Parliamentary ‘Friends of Australian Books and Writers’ launched

October 9, 2017

Internationally acclaimed Australian authors, Thomas Keneally and Mem Fox gave rousing and inspiring keynote addresses to launch the new Parliamentary Friends of Australian Books and Writers (PFABW) last month, uniting senior MPs and Senators at Parliament House in Canberra.

Supported by the Copyright Agency, the event also celebrated the inaugural 2017 Australian Reading Hour.

The Parliamentary Friends group has been established to provide a forum for MPs and Senators to discuss important issues affecting the publishing industry, especially a copyright regime that supports Australian writers and publishers.

Co-chair of the group, Senator Linda Reynolds, said, “Our writers give a voice to the Australian experience across generations and around the world.

“The Australian publishing industry consists of more than 1,000 businesses employing 20,000 people including writers, editors, publishers, printers and booksellers. The industry generates more than $2 billion in annual revenue. Indeed, Australia has the healthiest and largest independent book seller sector in the English-speaking market.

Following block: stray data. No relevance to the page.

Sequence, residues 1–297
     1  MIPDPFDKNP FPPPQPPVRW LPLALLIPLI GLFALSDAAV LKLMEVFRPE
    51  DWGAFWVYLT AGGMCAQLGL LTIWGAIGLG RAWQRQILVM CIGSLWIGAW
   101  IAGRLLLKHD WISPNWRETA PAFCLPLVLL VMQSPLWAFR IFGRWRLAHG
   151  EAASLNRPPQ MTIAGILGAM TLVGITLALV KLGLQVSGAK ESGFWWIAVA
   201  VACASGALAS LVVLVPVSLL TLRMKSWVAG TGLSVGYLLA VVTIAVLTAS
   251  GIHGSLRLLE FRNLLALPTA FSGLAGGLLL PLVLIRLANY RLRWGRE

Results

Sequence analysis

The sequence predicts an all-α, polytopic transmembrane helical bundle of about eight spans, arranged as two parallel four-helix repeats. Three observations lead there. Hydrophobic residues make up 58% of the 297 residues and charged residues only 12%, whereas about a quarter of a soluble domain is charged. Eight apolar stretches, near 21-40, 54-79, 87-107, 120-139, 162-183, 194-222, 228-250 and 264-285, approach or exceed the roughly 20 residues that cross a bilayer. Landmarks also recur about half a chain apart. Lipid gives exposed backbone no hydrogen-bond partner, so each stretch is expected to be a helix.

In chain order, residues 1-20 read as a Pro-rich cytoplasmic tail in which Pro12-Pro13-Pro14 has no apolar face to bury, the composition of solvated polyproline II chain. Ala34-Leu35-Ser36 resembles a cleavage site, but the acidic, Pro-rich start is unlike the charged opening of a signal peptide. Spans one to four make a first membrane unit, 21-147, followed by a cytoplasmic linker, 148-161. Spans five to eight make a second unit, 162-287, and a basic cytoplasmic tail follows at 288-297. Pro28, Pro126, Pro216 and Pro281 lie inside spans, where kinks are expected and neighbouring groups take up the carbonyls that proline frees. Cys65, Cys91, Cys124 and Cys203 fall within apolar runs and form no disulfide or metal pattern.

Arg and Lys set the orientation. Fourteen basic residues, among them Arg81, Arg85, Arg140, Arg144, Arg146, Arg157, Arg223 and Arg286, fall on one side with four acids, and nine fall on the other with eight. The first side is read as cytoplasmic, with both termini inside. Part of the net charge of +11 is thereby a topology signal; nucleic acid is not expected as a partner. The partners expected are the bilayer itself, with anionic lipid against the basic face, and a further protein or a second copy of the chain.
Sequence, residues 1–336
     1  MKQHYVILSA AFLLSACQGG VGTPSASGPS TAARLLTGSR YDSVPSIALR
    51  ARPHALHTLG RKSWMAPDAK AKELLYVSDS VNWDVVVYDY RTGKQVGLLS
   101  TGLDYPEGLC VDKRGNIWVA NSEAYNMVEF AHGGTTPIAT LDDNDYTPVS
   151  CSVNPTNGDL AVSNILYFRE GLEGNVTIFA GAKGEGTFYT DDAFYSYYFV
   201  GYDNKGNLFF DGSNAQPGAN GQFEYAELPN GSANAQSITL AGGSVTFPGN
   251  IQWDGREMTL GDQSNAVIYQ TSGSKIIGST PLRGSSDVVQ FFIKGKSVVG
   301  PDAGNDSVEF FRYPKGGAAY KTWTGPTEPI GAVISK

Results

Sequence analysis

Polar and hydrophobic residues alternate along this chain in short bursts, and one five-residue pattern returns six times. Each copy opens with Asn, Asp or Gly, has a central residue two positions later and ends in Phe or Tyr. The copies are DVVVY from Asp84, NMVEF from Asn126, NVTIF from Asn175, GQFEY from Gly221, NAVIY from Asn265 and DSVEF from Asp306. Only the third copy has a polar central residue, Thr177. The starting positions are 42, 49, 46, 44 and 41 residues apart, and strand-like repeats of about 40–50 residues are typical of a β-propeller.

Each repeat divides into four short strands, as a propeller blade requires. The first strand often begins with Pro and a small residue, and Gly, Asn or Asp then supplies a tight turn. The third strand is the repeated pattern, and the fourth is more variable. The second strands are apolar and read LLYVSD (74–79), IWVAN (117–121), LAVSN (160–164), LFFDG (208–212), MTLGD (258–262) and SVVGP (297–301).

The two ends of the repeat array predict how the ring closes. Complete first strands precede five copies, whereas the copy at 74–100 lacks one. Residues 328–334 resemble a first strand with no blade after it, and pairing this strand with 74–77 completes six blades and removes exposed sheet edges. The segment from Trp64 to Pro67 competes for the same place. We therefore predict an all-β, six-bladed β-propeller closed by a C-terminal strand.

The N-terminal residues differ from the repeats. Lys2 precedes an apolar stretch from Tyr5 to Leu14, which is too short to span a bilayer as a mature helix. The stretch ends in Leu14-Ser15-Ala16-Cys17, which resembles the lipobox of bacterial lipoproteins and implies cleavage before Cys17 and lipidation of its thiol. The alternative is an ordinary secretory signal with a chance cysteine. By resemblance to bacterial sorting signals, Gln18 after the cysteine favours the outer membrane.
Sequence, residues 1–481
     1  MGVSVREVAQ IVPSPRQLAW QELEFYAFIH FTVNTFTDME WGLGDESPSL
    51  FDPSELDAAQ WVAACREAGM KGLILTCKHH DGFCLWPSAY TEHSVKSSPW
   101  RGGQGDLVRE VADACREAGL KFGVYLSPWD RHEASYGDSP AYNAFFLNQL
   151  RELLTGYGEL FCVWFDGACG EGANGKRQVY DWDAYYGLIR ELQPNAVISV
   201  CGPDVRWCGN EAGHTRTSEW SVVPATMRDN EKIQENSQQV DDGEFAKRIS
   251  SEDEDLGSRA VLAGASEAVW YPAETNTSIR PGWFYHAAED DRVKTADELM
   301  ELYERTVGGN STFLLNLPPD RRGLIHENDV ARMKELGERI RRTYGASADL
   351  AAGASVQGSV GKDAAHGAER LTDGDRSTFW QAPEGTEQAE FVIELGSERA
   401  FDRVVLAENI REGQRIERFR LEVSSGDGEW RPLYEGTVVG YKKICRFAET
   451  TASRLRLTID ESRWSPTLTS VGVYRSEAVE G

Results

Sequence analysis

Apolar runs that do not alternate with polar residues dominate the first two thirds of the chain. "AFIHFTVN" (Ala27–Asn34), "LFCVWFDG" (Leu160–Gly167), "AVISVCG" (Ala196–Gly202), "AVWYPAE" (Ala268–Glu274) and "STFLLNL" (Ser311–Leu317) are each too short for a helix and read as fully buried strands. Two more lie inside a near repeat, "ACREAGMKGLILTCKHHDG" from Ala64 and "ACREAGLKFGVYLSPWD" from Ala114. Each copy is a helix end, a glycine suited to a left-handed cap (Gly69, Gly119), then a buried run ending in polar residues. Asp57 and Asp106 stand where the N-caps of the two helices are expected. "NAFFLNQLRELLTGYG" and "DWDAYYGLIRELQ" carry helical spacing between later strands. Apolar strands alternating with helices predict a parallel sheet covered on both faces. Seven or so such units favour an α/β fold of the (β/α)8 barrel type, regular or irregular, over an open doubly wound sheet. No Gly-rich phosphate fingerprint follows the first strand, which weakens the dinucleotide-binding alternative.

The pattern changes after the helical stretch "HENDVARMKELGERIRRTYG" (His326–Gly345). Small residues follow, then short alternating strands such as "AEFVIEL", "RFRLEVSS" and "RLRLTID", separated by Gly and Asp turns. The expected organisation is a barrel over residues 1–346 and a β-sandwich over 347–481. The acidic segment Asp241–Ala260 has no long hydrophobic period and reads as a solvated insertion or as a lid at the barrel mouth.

“The publishing industry also produces high quality educational books for Australia’s five million students and generates $165 million in annual export revenue. It is clear that investing in a dynamic book culture is an investment in high standards of literacy and education, as well as a culture of ideas and innovation.

“This parliamentary friendship group will allow us to better support and engage with the whole Australian book industry. It will also help us highlight the significant contributions this industry makes to many facets of Australian life.”

A rousing and witty keynote address was given by author Thomas Keneally, reflecting on the evolving ecology of the Australian publishing industry. “The proposition that goes around now is that copyright yearns to not exist. That products of the mind are free. There are many things that I think yearn to be free,” he continued, “One of them is petroleum. But it’s not!”

“We all brush our minds with a different book every night. Long may Australia remain a place where there is a vivid literary culture and a culture of letters and a profession of letters.”

The Hon Tony Burke MP, acting co-chair of PFABW closed the evening by recognising the importance Australian stories play when developing policies and regulations for Australian society.

“Whether you pen the story, type the story, print the story, distribute the story or sell the story, thank you. We do our job better if we understand and know the stories you tell,” he said.